When Holden bailed out on Thursday Abbott said it was ‘a shattering blow’ that ‘should not be politicised’. It was, however, the result of a political act the day before, when Joe challenged Holden to ‘piss in the pot, or get off’, or words to that effect, on the floor of Parliament, a political venue.

When an issue might harm the Liberals, Murdoch says it must not be politicised. When it might harm Labor — like, say, Rudd not speaking to a makeup girl in the most crucial hour of his life — of course it is politically relevant, and a national scandal. He said nothing to a makeup girl, he did not insult her, he just said nothing: vote him out.

The truth is, everything is political, because, in a democracy, everything you do or say affects the vote. Abbott’s bare hairy chest is political. His sister’s undaunted love of a woman is political. Gillard’s poor choice of past lovers is political. Clinton’s twelve blow-jobs were political, once revealed; and they ended, probably, life on this planet, by electing Bush the denier not Gore the climate expert.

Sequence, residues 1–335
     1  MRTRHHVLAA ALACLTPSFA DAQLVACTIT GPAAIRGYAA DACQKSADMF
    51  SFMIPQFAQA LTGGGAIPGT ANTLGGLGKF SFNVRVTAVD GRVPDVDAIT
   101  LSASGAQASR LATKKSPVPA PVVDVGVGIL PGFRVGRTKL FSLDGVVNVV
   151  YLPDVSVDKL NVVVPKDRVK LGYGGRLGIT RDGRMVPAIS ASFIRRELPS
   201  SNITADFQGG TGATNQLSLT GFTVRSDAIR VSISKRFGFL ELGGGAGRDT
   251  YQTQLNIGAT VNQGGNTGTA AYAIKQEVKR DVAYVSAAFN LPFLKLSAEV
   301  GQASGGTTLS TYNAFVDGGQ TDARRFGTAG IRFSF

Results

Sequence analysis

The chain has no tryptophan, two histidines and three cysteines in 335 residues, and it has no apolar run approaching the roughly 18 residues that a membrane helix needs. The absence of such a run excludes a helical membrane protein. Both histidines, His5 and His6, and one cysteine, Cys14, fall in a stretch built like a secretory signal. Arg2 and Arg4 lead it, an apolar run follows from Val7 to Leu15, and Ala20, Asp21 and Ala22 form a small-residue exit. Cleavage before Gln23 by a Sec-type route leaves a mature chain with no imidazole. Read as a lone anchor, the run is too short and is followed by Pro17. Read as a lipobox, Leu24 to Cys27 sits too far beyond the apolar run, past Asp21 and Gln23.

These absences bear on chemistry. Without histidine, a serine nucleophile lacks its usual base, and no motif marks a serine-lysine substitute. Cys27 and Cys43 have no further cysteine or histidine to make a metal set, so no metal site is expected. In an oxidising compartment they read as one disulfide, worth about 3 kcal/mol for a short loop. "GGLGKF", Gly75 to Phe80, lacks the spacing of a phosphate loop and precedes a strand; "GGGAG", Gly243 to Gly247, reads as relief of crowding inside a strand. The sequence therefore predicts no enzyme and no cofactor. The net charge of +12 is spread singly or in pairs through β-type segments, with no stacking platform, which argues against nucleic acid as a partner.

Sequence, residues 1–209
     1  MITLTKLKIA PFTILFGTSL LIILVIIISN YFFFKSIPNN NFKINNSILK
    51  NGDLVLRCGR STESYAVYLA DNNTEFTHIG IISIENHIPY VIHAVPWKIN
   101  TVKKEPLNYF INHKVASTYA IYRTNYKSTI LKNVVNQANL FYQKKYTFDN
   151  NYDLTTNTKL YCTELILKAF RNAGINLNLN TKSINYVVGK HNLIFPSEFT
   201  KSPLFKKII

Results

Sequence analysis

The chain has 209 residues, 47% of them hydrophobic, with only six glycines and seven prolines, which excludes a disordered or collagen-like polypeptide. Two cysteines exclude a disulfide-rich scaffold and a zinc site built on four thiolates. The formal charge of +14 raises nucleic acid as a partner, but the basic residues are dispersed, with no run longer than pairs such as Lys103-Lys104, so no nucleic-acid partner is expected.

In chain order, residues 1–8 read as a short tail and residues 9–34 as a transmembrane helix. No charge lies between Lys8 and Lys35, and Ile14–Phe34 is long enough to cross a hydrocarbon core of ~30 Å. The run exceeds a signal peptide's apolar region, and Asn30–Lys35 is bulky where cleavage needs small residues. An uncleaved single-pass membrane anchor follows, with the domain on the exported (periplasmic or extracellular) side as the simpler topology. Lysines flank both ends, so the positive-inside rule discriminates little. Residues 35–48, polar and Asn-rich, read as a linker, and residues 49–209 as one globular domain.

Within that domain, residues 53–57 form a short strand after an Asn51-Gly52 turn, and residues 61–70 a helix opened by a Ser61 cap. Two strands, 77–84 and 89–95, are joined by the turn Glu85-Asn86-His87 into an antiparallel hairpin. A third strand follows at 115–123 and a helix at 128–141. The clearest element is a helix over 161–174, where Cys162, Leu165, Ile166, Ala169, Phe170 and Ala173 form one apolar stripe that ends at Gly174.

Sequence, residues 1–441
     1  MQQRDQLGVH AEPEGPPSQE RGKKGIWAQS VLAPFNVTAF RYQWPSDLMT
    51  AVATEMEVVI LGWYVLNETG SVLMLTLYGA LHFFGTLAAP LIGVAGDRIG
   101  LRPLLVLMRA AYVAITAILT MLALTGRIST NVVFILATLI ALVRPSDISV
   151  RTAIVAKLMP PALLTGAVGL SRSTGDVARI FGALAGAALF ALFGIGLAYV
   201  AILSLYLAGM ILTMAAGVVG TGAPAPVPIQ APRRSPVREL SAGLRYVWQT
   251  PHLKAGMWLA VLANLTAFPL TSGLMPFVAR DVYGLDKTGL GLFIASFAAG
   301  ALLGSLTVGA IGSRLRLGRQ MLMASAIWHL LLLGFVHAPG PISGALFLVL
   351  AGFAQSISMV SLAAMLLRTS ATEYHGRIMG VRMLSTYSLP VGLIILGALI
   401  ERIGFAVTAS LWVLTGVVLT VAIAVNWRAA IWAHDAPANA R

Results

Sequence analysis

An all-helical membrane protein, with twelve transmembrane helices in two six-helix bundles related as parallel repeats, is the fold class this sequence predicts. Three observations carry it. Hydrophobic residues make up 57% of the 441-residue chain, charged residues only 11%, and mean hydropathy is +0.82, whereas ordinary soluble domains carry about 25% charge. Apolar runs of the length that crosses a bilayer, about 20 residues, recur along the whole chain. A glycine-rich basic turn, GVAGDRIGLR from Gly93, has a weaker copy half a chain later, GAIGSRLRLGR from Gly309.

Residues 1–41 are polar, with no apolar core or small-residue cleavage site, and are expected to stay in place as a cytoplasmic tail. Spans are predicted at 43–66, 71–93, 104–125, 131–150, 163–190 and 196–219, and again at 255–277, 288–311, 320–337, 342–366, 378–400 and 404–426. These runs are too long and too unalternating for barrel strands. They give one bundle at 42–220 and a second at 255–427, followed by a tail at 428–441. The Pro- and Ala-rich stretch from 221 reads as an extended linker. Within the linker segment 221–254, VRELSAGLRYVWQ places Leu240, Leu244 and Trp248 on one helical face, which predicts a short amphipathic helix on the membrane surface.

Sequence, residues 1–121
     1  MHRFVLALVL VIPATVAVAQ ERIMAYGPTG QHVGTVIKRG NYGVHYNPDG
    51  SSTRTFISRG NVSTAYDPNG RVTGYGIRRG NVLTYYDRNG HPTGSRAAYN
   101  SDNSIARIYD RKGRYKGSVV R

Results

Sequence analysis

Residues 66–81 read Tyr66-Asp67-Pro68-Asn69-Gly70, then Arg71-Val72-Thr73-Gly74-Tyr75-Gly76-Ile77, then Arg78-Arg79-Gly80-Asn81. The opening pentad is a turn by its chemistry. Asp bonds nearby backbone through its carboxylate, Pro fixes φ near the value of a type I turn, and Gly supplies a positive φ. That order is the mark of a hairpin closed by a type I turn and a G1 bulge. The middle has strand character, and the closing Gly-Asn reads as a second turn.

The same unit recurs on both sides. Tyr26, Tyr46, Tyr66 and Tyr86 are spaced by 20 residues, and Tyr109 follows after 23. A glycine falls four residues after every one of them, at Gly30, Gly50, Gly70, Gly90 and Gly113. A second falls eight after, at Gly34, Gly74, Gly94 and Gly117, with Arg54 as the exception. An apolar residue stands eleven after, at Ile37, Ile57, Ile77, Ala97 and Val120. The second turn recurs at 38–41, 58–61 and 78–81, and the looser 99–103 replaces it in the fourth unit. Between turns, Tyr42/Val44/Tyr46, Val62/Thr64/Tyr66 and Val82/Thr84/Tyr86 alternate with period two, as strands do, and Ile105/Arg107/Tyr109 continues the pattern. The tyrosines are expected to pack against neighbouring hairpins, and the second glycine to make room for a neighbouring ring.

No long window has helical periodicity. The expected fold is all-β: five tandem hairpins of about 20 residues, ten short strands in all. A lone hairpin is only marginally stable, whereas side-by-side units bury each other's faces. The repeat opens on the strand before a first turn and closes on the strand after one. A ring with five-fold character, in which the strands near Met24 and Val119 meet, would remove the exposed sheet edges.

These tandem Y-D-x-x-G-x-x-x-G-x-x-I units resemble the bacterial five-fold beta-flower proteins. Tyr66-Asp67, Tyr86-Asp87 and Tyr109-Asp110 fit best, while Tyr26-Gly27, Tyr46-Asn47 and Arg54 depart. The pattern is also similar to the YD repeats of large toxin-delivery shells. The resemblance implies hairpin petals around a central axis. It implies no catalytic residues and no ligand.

You cannot say ‘politicise’ or ‘playing politics’ is wrong, in any context. It is what politicians are paid to do. Bronwyn Bishop’s refusal to lower the flag for Mandela (if it was she that forbade it), Nelson Mandela, a man she previously wanted hanged, is political. Of course it is political. Abbott’s refusal to apologise for peeking at Bambang’s wife was political. Of course it was political.

We now hear people say we must not ‘politicise’ the massacre of Sandy Hook although it was politics that caused it, nor the shooting of Gabby Giffords though it was politics that caused it, and we must not ‘politicise’ the drownings off Christmas Island in plain sight of shocked witnesses although it was politics that sent them on that voyage into ocean peril and needless doom.

So the word ‘politicise’ is useless. It means ‘to speak of things that happen in life’. Of course we can speak of these things. We have the freedom to do so, the freedom of speech. Our elected members have a duty to do so, it is what we pay them for.